What is The End Is Nigh?
You can find The End Is Nigh on Steam. The game is priced at $15 USD, whether the game is worth it’s price tag or not, you’ll find out by the end of this The End Is Nigh review. The game is a 2D adventure platforming game. This sort of game contains lots of jumping and maneuvering elements in which you will have to rely on precision, patience and timing to get across all sorts of obstacles. Moving platforms, crumbling buildings, and enemies moving erratically. These are all things you’ll encounter in the first few minutes of the game. The adventure aspect of the game is also well executed. There are lots of hidden and secret areas that hide treasure. These are placed in large numbers across all levels of the game.
Don’t let the 2D part of the game fool you into thinking that The End Is Nigh is not a good looking game. Visually speaking, The End Is Nigh has a stunning art style and the smooth motion of every element on your screen will leave you speechless.
The End Is Nigh lets you take control of Ash, a black blob type on a mission to find body parts and put them together to make a new “best friend”. You will flop your way through a decayed and broken future. The world has ended, and all that’s left is a broken husk filled with mutant-like creatures and desolate areas. You will find pieces of “blob people” throughout your journey which will total up to a brand new “friend” for you. On your journeys you will also find tumors, a type of currency that unlocks more areas, and also game cartridges. These let you play additional levels.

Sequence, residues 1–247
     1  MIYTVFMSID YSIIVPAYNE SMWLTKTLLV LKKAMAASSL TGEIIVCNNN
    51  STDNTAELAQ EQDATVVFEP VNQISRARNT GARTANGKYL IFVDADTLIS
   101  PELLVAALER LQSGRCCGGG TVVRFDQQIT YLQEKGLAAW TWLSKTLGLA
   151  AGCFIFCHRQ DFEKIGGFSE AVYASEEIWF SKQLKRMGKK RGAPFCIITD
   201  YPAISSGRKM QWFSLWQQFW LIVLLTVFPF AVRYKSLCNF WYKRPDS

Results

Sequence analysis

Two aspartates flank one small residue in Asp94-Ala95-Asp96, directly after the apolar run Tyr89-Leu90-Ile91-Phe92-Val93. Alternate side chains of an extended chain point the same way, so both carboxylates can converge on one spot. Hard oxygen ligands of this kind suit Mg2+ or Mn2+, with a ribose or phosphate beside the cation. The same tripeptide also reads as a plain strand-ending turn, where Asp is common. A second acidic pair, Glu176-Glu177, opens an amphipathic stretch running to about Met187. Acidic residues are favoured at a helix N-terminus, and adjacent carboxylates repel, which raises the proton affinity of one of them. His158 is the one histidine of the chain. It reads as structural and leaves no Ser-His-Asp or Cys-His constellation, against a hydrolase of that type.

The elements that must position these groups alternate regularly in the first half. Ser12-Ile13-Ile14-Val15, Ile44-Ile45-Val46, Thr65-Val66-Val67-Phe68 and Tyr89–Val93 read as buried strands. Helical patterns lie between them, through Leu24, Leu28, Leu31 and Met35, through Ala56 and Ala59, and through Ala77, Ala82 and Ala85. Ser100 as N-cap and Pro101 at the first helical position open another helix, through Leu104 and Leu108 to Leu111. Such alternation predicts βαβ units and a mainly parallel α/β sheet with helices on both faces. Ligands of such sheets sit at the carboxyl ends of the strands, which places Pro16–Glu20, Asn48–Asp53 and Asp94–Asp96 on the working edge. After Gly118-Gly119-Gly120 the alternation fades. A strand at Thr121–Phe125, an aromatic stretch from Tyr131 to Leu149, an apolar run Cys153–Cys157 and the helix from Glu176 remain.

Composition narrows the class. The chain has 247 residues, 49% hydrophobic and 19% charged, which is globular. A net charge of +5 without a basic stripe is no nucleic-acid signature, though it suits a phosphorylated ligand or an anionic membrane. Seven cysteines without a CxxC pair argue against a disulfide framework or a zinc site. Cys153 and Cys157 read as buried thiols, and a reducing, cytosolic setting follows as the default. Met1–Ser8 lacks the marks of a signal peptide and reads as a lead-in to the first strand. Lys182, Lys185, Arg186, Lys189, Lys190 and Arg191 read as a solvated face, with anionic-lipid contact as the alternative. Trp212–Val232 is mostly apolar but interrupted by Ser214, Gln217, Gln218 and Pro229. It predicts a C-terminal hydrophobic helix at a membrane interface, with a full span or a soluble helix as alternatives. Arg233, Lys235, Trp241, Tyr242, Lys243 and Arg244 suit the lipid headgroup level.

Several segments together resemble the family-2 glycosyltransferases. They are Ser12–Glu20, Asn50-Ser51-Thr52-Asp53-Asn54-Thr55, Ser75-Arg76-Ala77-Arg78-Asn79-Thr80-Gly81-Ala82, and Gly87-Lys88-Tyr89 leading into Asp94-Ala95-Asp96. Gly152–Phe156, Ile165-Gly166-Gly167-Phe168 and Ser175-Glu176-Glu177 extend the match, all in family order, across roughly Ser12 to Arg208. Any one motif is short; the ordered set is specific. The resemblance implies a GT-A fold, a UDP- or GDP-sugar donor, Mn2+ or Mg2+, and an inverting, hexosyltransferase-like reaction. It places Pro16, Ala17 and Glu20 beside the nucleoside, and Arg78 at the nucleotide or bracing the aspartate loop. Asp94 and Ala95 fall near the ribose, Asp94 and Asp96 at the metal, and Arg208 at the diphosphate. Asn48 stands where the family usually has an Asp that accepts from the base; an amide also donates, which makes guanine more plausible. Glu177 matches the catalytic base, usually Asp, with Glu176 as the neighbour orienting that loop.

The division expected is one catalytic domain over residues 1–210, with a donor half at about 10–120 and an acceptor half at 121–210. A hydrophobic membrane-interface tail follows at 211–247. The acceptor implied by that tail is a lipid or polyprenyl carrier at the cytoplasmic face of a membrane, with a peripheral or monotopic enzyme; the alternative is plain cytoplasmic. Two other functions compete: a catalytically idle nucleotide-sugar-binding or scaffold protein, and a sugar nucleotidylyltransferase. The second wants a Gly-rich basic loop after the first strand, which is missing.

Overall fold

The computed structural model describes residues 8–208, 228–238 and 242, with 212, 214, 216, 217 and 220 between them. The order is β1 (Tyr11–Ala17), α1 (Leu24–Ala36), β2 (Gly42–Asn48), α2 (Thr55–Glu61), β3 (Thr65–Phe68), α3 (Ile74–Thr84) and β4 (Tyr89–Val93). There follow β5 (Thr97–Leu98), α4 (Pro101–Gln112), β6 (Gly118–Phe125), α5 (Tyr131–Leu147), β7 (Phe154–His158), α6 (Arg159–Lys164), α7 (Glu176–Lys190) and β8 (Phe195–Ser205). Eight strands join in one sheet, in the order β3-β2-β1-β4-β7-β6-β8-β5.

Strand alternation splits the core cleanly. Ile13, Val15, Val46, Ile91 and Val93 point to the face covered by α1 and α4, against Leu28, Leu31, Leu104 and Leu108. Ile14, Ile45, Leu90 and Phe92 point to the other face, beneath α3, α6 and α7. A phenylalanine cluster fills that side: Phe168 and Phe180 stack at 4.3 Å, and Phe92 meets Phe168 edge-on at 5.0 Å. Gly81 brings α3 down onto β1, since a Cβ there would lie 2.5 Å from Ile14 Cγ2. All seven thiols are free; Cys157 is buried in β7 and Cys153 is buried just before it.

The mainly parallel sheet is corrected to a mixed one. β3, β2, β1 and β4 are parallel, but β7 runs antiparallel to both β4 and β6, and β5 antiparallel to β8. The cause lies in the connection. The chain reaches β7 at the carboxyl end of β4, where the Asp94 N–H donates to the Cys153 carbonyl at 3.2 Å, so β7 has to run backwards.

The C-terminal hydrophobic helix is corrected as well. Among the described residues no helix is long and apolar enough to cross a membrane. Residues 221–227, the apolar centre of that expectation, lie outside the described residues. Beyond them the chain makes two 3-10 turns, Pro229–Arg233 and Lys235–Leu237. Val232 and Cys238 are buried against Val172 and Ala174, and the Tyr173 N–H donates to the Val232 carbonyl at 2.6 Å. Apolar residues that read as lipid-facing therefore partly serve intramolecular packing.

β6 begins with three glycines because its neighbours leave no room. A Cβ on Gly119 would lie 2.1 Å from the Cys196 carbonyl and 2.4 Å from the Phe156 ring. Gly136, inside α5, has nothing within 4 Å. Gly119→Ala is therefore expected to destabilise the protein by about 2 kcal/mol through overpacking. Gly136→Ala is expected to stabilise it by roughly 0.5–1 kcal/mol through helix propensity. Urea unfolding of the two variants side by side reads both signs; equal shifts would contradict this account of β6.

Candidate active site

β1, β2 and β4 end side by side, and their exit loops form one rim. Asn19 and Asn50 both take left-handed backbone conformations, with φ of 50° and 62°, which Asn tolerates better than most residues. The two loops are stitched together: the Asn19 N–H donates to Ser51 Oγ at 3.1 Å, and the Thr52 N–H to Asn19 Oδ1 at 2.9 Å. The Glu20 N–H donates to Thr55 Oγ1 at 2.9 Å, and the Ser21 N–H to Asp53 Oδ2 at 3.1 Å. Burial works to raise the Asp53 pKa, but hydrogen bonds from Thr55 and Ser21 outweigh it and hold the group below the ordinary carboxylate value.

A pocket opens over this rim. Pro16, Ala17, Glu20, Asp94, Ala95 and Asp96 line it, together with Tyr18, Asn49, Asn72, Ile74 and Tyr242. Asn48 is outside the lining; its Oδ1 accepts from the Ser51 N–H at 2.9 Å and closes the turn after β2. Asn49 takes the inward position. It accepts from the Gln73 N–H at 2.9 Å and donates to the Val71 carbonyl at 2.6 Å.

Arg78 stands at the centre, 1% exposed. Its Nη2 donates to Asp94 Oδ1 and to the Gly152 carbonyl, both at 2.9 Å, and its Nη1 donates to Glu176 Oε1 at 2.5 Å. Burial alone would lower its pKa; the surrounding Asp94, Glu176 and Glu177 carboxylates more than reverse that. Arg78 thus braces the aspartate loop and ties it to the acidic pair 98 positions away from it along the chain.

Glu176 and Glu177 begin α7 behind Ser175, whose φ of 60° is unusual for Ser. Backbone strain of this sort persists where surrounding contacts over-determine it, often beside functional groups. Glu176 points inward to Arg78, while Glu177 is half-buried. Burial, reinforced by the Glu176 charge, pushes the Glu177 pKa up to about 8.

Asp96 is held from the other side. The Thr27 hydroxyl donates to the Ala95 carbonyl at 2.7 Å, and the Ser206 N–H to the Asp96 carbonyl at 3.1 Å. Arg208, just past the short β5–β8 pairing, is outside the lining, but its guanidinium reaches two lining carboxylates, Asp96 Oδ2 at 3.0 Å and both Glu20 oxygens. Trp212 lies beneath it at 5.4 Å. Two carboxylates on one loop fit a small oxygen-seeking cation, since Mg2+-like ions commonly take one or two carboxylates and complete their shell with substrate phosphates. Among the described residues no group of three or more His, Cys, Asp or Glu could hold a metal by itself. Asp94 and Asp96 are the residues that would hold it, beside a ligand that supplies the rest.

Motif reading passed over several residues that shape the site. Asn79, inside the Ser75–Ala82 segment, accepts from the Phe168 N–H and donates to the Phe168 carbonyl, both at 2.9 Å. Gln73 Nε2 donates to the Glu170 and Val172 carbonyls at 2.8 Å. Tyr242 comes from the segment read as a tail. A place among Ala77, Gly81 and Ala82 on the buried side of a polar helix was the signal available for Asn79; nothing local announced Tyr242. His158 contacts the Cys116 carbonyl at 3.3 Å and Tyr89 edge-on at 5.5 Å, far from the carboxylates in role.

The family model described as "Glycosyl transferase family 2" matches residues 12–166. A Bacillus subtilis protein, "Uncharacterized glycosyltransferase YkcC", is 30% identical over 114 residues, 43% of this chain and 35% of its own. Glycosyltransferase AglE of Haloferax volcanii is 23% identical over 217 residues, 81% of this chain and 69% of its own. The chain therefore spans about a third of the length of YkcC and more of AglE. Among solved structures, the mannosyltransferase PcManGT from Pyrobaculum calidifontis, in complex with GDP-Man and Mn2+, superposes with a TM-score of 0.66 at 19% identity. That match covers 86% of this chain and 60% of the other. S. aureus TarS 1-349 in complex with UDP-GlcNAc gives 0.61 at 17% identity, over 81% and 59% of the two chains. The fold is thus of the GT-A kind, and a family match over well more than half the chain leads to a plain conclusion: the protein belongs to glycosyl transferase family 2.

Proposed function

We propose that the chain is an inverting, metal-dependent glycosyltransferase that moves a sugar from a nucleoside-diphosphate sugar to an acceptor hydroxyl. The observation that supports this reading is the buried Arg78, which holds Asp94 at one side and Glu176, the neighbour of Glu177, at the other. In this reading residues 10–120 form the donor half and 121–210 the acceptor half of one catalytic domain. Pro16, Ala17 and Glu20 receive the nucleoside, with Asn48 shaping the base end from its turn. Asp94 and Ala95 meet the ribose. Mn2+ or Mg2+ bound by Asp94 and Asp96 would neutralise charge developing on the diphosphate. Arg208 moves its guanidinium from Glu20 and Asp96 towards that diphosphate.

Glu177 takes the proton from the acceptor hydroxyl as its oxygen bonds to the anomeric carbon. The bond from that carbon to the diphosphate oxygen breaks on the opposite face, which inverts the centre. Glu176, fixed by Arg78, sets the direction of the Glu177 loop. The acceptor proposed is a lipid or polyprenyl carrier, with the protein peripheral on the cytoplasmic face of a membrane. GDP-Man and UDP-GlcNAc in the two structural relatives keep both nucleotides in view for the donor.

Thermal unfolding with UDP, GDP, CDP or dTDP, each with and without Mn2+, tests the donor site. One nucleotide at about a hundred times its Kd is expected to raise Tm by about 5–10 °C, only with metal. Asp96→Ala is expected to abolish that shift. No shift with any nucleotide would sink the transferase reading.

Who made this game?
The End Is Nigh actually has a cult-hit superstar developer. Edward McMillen is the developer of this game and if you’re not familiar with his previous work, you’re missing out. Back in 2010, Edward McMillen worked alongside Team Meat, to make the game known as Super Meat Boy. Super Meat Boy is considered by many hard-core platforming game fans as the god of all platformers. It’s known for being a very challenging game. The type of game that contains the same sort of platforming difficulty more famous in the games of the early 2000’s.
Since game developers across the world have been steadily lowering the difficulty of their games to be friendlier for casuals, true gamers LOVE Super Meat Boy. Super Meat Boy’s three biggest strengths are; it’s amazing art style and graphics, the extremely optimized and amazing handling of the controls, and finally it’s balance between being challenging without being annoying. Even though you die a lot, it’s not AS frustrating as dying in other games.
Why am I talking about Super Meat Boy in a The End Is Nigh review? Well it’s because The End Is Nigh is actually considered by many to be the direct successor of Super Meat Boy. Since both games are 2D platforms in the critically acclaimed art style of Edward McMillen. Also, both have similarly amazing and easy to use controls. But a good question to ask would be… Does this game improve upon the original?